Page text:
No Hard Feelings
It's rarely a positive thing for a bank when its lawyers are in the news. Here's an exception.
Citigroup Inc. on Monday will become the first recipient of the "Public Interest Award in Law" at the annual Burton Awards for Legal Achievement. The company is being recognized for its pro bono work, which has included advising local nonprofits on corporate governance and employment issues, advocating on behalf of small-business owners after Hurricane Katrina, and working with individuals ranging from artists and micro-entrepreneurs to the homeless and victims of domestic violence.
The pro bono initiative was started in 2006 by Citi General Counsel Michael Helfer, who also is a founding member of the board of directors at Lawyers for Children America and a member of the advisory board for the Legal Aid Society of New York.
In an interesting twist, this year's Burton Awards will be chaired by H. Rodgin Cohen, the Sullivan & Cromwell LLP heavyweight who advised Wachovia Corp. in 2008 as it called off a planned merger with Citi and struck a deal with Wells Fargo & Co. instead. But we expect things to stay perfectly civil at the awards program, which will take place at the Library of Congress and feature speakers including Supreme Court Justice Ruth Bader Ginsburg.
Silver Lining Dept.
Like most discussions about banks these days, an online banking seminar sponsored by Nasdaq OMX and Highline Financial and streamed live Thursday focused mainly on the headwinds in the industry. But when prompted by a moderator from American Banker, each panelist offered up something positive about the industry.
Ex-Lehman Brothers banking analyst Andrea Jao, now an economics lecturer at the University of Pennsylvania, said she's gratified that the financial sector will no longer be taken for granted. When the economy was flush, she said, "We thought that the banking sector would be healthy forever; we forgot that like everything, the banking sector goes through cycles." Robert Davis, executive vice president at the American Bankers Association, likes that bankers have become more engaged in the political arena as a result of regulatory reform.
Rudy Schupp, chief executive of 1st United Bank in Boca Raton, Fla., said that if the details of reform are handled right, banks might become "more responsive in the end to shareholders and customers." And Peter Wirth, head of investment banking at KBW Inc., sees opportunity for banks arising from the shrinking of the shadow markets, and the rationalization that came as the most irresponsible players got bounced out of the sector.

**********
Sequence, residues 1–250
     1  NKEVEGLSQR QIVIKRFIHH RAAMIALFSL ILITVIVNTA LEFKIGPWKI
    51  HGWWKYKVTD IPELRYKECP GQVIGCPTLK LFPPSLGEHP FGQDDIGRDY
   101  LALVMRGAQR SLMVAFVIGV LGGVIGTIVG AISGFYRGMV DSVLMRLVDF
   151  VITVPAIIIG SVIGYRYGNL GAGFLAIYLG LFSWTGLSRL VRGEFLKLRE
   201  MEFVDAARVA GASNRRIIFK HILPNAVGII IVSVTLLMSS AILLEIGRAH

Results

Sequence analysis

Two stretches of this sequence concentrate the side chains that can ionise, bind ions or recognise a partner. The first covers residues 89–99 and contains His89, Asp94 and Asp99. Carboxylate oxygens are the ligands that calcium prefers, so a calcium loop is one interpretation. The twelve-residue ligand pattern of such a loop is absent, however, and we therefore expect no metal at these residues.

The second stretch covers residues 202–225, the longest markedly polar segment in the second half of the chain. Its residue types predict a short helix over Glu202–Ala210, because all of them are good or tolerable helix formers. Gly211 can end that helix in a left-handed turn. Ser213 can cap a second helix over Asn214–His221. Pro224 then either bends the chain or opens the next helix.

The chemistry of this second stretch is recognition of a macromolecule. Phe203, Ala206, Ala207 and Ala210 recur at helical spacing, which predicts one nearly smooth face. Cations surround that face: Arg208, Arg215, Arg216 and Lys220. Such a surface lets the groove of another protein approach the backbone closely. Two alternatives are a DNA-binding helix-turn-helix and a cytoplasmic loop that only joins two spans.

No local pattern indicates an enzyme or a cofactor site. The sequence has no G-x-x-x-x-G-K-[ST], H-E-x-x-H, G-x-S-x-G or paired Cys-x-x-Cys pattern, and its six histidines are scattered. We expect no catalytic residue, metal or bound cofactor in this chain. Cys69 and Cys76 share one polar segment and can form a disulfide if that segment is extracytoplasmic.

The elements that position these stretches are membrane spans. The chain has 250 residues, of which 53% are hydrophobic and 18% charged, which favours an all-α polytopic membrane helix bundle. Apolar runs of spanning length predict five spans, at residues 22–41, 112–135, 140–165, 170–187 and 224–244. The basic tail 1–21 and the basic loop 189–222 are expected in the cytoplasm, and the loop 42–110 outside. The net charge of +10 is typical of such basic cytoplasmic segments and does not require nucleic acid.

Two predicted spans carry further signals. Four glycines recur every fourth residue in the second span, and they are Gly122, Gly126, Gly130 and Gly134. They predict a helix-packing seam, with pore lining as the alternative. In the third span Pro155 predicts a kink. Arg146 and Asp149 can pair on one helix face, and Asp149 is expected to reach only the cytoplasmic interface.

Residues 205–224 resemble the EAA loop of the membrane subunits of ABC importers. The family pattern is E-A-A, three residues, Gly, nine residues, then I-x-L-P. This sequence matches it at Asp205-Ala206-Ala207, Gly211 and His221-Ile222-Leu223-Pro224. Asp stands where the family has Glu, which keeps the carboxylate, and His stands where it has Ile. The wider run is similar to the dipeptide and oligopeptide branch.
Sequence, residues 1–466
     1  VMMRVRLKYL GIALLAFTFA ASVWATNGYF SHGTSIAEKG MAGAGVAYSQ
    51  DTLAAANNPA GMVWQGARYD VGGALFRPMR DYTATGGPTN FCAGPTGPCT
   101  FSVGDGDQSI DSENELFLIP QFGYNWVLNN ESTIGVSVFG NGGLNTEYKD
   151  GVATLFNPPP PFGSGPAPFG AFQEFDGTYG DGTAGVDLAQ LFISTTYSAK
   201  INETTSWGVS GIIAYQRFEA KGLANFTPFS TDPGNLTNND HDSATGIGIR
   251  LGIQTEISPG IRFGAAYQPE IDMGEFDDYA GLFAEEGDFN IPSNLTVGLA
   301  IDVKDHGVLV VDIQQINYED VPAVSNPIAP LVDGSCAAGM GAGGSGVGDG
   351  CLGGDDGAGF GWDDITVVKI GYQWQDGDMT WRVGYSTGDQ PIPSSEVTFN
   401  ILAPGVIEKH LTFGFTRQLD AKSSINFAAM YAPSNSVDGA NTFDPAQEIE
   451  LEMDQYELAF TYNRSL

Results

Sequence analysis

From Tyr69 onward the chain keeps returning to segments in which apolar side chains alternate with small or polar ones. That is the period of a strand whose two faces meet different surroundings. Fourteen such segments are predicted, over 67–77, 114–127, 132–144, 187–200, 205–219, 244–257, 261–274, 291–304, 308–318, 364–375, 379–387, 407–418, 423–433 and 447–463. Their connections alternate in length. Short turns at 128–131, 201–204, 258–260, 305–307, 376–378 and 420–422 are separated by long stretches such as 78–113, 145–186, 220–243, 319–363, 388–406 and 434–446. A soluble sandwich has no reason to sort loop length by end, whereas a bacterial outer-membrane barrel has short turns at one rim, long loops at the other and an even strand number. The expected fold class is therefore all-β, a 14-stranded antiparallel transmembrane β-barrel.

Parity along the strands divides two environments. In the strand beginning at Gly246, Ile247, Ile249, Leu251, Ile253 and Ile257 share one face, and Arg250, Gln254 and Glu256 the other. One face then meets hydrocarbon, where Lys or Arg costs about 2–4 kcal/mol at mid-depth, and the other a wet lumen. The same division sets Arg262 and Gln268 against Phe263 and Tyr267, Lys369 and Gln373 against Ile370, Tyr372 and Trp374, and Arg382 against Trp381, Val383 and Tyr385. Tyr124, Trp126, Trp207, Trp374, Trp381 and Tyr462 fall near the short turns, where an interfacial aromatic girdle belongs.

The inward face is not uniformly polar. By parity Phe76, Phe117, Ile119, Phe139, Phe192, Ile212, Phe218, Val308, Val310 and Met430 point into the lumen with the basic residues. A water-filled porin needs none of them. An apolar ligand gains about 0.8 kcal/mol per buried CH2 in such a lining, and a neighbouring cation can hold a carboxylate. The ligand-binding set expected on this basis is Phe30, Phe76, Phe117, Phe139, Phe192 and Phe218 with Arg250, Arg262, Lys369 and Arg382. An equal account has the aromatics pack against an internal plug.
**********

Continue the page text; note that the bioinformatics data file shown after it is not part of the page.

And now, back to your regularly scheduled doom-and-gloom discussions. …
A Diverse Regions
Regions Financial Corp. has become the latest banking company to create a diversity council.
The move comes a month after the Birmingham, Ala., company named Lajuana Bradford head of corporate diversity and public affairs.
"We are fortunate to operate in some of the most culturally diverse markets in the United States," Grayson Hall, Regions' president and chief executive, said in a press release. "To create value for customers we must continue to engage all of the communities we serve."
The council will include George French Jr., the president of Miles College; John Hudson, a vice president at Alabama Power Co.; Bernice King, a prominent civil rights activist and a daughter of the late Martin Luther King Jr.; Lemell McMorris, the CEO of Perennial Strategy Group; and Isabel Rubio, the executive director of the Hispanic Interest Coalition of Alabama. (Hudson preceded Bradford as the head of diversity efforts at Regions before joining Alabama Power.)
Other banking companies have similar groups, including Bank of America Corp., which has a diversity and inclusion council chaired by its president and CEO, Brian Moynihan.
New Face at B of A
Speaking of Bank of America: It has snagged a Morgan Stanley veteran for a key technological post.
George Sherman will join the Charlotte company in September as the chief technology officer for two businesses: global banking and markets and global commercial banking.
Sherman had been a managing director and chief technology officer of the Americas enterprise infrastructure organization at Morgan Stanley, where he had worked for 10 years.